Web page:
Research School for Socio-Economic and
Natural Sciences of the Environment
Research School for Socio-Economic and
Natural Sciences of the Environment

WALRUS shows rainwater discharge in lowland river catchments

Claudia BrauerThe Hydrology and Quantitative Water Management chair group of Wageningen UR hosted a users' day in cooperation with Deltares for representatives of water boards, Rijkswaterstaat, consultancy firms and knowledge institutes. The central focus of the day was the Wageningen Lowland Runoff Simulator (WALRUS), a rainfall-discharge model for lowland river catchments. This model was developed by SENSE PhD graduate Claudia Brauer as part of her PhD research. ‘Our model is already being used by five water boards, for example as a prediction model for high water or as a reference model,’ explains Claudia Brauer. ‘There were 30 people at the users’ day, including hydrologists from 13 water boards, and they were able to practice with the model themselves. There is therefore a good chance that it will be used even more in the future.’

Many different hydrological models exist for the modelling of the discharge from a river catchment, with varying degrees of complexity, depending on the purpose for which the model is used. Hydrological systems are simplified into a collection of reservoirs and river flow routes in what are referred to as conceptual models, capturing the essence of the hydrological processes while limiting the number of parameters. However, most conceptual models are developed for sloping river catchments and may provide unreliable results for lowland catchments such as those in the Netherlands. Processes such as capillary rise and interactions between groundwater and surface water are important to the Netherlands. ‘That is why we have developed WALRUS especially for the circumstances in the Netherlands; it is an entirely new parametric model that simulates the discharge from lowland catchments.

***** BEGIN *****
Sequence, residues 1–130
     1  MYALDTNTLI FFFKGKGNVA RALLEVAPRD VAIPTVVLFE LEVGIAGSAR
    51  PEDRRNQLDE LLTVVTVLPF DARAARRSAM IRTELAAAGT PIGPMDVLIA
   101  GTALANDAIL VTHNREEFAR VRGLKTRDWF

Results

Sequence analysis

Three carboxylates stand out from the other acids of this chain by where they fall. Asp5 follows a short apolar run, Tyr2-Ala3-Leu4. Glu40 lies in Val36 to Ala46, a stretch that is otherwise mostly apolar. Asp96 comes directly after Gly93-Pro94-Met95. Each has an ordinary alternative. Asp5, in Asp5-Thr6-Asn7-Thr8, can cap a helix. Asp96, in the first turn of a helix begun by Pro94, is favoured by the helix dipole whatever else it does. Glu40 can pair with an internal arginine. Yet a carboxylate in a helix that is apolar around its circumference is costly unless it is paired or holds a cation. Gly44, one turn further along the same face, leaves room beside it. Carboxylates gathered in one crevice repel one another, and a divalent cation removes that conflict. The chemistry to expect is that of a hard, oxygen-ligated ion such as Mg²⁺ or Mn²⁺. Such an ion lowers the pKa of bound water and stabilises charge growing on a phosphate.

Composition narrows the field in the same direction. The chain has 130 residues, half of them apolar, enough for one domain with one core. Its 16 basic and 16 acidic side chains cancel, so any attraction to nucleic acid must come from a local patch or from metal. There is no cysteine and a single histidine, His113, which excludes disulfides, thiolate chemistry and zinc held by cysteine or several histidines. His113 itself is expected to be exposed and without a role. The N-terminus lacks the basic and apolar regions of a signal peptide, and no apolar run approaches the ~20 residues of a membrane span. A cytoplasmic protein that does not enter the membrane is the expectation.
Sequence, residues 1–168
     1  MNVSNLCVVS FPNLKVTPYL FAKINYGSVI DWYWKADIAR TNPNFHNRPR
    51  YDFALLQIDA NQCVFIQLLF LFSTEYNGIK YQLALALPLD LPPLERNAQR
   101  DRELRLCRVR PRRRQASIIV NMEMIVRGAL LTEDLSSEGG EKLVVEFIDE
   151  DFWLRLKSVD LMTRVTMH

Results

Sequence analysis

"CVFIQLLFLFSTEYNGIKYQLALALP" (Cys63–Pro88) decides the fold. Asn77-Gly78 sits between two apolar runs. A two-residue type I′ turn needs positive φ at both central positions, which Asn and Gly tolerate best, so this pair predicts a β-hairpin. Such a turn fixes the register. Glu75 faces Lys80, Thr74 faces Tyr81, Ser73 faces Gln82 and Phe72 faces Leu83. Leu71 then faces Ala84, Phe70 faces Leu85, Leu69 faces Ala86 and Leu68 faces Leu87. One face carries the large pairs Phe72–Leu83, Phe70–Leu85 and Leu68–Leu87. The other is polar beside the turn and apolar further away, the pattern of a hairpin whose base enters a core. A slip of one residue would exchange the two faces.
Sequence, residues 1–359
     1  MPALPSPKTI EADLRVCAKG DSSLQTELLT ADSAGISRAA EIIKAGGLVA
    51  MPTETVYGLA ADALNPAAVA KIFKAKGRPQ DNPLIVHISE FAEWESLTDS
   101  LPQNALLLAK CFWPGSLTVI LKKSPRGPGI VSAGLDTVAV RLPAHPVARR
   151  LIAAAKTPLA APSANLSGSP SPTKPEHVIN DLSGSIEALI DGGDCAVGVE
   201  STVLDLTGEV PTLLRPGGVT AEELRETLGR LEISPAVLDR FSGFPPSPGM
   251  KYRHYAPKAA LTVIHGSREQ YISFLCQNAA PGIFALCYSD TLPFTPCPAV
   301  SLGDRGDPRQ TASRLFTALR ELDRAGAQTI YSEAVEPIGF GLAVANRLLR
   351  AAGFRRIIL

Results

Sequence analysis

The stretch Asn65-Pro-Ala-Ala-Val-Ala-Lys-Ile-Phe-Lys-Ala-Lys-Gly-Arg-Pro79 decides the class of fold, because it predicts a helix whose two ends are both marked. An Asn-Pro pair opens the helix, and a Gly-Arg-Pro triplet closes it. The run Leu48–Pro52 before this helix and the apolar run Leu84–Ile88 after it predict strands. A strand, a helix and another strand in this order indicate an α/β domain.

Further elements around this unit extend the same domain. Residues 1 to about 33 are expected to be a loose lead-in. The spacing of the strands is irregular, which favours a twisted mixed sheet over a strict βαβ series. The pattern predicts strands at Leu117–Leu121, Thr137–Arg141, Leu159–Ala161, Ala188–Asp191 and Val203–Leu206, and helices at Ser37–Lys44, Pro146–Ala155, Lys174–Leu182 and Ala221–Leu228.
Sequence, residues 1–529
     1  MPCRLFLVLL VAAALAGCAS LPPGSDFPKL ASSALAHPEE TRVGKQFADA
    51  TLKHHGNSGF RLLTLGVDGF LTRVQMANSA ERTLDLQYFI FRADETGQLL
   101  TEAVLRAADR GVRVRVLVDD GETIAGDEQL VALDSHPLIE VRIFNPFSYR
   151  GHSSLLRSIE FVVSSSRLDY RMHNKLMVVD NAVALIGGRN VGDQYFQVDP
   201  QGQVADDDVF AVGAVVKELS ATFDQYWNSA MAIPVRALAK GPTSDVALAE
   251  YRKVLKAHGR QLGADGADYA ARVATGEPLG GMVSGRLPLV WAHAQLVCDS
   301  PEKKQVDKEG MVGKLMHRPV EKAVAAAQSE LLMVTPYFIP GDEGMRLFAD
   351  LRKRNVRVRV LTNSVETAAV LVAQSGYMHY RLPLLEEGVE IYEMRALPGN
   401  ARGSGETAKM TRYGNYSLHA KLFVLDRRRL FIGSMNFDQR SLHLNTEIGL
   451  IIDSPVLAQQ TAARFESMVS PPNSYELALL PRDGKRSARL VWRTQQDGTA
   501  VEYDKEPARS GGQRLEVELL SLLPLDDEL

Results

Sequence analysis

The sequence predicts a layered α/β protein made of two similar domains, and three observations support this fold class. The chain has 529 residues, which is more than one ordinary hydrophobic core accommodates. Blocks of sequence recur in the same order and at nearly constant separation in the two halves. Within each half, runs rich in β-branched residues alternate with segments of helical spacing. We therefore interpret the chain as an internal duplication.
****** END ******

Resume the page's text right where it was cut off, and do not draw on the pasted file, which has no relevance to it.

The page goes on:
WALRUS fills the gap between complex, spatially-distributed models often used in lowland catchments and simple, spatially-integrated parametric models developed primarily for sloping river catchments. WALRUS explicitly takes into account the hydrological processes that are important in low-lying areas. In this regard, the focus is on the link between groundwater and the unsaturated zone, flow routes that are dependent on moisture conditions, the feedback between groundwater and surface water and the question of seepage, drainage and supply or extraction of surface water. ‘The strength of WALRUS is that it is a model suitable for operational applications as it calculates efficiently and is numerically stable,’ explains Claudia Brauer. Standard relationships have been implemented in the freely-accessible model code, leaving only four parameters that need to be calibrated. The model is suitable for the operational simulation of floods and droughts for the purposes of risk analyses and scenario analyses, for the design of infrastructure and for imputing missing data in discharge measurement series.’

Click here for additional information on WALRUS.

Source: intranet Wageningen UR

Wednesday 4 April 2018